Choose form a predefined set of blocklists that power some of the most popular content-blockers on the web. These blocklists define rules to firewall traffic to a predetermined and vetted set of endpoints, usually that of spyware, malware, and ransomware web properties. If you're on Android, install the app to use Rethink DNS. On other platforms, use a DNS over HTTPS client and point it to Rethink DNS endpoint specific to you. Try it out, no sign up required.
How do I set it up for Firefox?
The steps are a bit involved, we ought to release a Firefox extension but until then:
- Go to Preferences. Scroll to Network Settings, and click on Settings.
- Check Enable DNS over HTTPS.
- Set Use Provider to Custom.
- Type in the Rethink DNS endpoint specific to the signed-in / registered user.
- Make sure by visiting about:config that network.trr.mode is set to 3 (the default is 2, which results in Firefox leaking DNS queries to System resolver).
A blocklist I need isn't available, what do I do?
We continue to add blocklists based on user-requests. Please write to us, and we would add yours too. Please note that due to inherent complexity in supporting regular expression (wildcard) based lists, we currently may not be able to add them, but don't let that stop you. Let us know if it is a deal-breaker for you. We promise, we'd try everything to make it work.
I still see ads on instagram and youtube despite using Rethink DNS?
Rethink DNS is ways off being a bullet-proof content blocker. There, unfortunately, are many scenarios where content simply couldn't be blocked by Rethink DNS. Some companies take extensive measures to evade content-blocking of which, perhaps, DNS based content blocking remains easy to circumvent, but despite that, not many apps employ tactics to counter it, but some popular ones do, like instagram and youtube.
How do I write my own blacklist and whitelist?
Adding support for custom blacklists and whitelists is a top-priority item and we are actively working on it.
Do you support time-based backlists?
No, we don't, yet, but we are working on it as we speak. Btw, DNSCrypt-Proxy does and we recommend checking the project out.
Do you require registration to use Rethink DNS, the resolver?
To use Rethink DNS (the resolver) without registration, go here. Rethink DNS would require registration to provision per user endpoints for non-free services such as DNS logs storage, analytics, and threat analysis; and bill the user for consumption of those.
Is this a free service?
On-device firewall is free. The in-the-cloud Rethink DNS content-blocking resolver has both free (public beta) and paid tiers (private beta). Currently, pricing isn't implemented and so the private beta is essentially also free till then.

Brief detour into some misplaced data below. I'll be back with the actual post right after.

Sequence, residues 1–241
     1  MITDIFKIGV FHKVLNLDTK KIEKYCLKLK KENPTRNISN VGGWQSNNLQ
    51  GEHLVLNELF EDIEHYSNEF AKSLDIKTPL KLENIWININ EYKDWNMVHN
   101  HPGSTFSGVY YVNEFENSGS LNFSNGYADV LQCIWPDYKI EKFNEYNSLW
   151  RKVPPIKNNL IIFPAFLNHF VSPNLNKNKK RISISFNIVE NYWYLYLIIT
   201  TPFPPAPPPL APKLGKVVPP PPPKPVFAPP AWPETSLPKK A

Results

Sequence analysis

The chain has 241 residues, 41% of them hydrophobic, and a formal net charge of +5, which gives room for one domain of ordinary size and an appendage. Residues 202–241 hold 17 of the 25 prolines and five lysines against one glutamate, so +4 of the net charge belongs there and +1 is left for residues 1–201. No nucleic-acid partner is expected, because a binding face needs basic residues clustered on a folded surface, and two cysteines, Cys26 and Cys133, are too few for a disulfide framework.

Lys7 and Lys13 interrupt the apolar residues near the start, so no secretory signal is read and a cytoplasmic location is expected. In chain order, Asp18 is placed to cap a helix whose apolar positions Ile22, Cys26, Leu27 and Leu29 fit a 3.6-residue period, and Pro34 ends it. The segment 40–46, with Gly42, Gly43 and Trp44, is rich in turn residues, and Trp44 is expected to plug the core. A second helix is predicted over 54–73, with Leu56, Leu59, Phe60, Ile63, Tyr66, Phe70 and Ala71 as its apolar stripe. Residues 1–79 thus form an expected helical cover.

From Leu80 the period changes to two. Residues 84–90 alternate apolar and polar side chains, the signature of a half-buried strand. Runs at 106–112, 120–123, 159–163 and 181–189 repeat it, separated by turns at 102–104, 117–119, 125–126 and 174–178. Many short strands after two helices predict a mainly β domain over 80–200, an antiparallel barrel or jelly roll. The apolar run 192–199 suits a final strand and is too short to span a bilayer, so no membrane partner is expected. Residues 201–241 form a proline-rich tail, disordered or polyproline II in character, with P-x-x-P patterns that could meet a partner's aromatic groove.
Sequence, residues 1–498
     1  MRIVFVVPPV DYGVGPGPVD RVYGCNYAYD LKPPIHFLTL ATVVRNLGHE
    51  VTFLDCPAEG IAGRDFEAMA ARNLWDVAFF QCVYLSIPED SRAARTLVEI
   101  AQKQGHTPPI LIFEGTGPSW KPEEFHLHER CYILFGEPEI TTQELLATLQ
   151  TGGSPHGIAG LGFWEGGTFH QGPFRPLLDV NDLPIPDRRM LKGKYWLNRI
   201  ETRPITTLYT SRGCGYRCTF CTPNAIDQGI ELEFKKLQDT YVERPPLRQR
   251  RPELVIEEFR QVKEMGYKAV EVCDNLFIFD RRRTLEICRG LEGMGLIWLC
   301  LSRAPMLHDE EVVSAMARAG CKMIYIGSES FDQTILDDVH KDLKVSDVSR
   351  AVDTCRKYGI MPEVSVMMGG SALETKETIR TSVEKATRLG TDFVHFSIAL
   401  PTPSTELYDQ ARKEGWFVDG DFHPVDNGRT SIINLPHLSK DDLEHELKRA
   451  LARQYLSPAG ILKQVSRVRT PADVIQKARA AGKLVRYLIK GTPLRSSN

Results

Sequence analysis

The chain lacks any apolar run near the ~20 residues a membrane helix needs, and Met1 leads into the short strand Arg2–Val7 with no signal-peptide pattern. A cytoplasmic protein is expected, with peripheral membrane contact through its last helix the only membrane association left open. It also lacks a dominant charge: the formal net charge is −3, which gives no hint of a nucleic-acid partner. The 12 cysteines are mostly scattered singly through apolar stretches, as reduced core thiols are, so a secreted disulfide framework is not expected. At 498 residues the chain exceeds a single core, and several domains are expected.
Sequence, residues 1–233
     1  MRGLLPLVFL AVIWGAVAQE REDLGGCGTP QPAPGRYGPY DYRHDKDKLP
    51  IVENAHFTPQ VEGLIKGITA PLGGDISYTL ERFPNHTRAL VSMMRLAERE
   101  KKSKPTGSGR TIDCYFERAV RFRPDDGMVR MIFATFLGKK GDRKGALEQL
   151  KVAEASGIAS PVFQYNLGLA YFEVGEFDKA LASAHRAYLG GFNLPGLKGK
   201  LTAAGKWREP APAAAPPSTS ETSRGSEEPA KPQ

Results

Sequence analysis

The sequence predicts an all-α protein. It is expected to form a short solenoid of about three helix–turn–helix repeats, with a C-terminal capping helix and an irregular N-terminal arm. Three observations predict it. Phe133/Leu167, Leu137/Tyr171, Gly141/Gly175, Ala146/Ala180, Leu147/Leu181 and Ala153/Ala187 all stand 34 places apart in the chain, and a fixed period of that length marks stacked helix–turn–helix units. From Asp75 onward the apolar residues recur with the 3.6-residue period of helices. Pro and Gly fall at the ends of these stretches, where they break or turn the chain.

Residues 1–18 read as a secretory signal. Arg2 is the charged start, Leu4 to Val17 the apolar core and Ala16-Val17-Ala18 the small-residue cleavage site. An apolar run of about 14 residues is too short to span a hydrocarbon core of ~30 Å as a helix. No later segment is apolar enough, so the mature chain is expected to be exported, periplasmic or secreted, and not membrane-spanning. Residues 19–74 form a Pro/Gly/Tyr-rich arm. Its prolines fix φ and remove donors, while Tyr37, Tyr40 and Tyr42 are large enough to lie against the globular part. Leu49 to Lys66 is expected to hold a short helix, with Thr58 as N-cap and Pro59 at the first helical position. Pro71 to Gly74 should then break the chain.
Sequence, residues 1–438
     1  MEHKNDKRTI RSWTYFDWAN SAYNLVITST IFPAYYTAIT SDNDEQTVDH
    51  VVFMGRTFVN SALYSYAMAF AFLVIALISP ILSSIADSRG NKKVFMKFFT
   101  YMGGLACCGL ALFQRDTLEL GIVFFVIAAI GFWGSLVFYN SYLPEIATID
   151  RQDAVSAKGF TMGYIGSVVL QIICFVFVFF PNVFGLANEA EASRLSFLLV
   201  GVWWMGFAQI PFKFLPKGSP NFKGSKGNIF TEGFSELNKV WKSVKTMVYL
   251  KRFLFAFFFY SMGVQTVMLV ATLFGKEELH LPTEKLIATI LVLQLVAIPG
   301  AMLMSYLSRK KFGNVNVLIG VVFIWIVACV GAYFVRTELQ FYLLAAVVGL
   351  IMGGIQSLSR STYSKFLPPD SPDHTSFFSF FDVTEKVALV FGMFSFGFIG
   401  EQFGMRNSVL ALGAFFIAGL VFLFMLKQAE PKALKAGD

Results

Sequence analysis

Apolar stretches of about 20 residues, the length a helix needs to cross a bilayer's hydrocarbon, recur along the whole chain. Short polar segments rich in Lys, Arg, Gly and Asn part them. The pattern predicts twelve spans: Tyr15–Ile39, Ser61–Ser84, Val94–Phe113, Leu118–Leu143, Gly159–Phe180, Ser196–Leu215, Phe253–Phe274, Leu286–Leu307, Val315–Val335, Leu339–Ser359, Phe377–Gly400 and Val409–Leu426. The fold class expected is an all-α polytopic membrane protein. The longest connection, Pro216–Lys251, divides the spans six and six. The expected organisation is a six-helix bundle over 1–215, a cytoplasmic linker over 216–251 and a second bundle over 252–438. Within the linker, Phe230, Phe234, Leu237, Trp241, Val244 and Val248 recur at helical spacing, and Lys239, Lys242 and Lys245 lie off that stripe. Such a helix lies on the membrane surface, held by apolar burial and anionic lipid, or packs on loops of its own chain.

Does the Rethink DNS resolver support EDNS client subnet?
What about DNS Name Uncloaking?
Yes, Rethink DNS follow CNAME and HTTPS/SVCB redirects and match them against the domains in the blocklist to counteract DNS CNAME or HTTPS/SVCB cloaking.
Should the DNS requests be sent over HTTP POST or GET?
Currently, we support both. HTTP GET requests are cached and might be a tad faster than POST.
Does Rethink DNS support the latest protocols: HTTP/3 and TLS v1.3?
Yes. Note that the Rethink DNS companion Android app communicates over HTTP/2 and TLS v1.3, for now.
Where are user DNS logs stored?
DNS logs of users who sign up for paid services (which are in private beta), are stored encrypted with AWS servers in the United States. There's no way to change the location where the logs are stored today. We plan to add the ability to choose the location of the logs storage in the near-future.
Why are the logs stored?
Logs aren't stored by default and as matter of fact not stored at all for users in the free-tier; however, if you, a paying user, should so opt-in to have logs stored, you would be able to analyze those to answer questions such as:
- Which countries are your devices connecting to and when?
- What percentage of connections are to known trackers, malware, spyware, ransomware, and other such web properties?
- Which blocklists are the most effective?
- How many connections per app are made from your devices?
- and so on...
Is Rethink DNS "No logs"?
Yes, by default, no logs are sent or stored. Only if you, a paying user, choose to enable logs are they even captured; otherwise, there's zero information that's stored on our servers with respect to the DNS requests sent to Rethink DNS' resolver. In fact, our primary server have no disks, or rather, the resolver is actually "serverless".
Can I delete my logs?
Yes, you can. This will be self-service eventually, but for now, drop us a note and we'd purge our systems of your logs.
How are the logs stored?
Logs are stored in Amazon S3 encrypted with AWS KMS-managed master-key and never transmitted in plain text between different systems.
How long are logs stored for?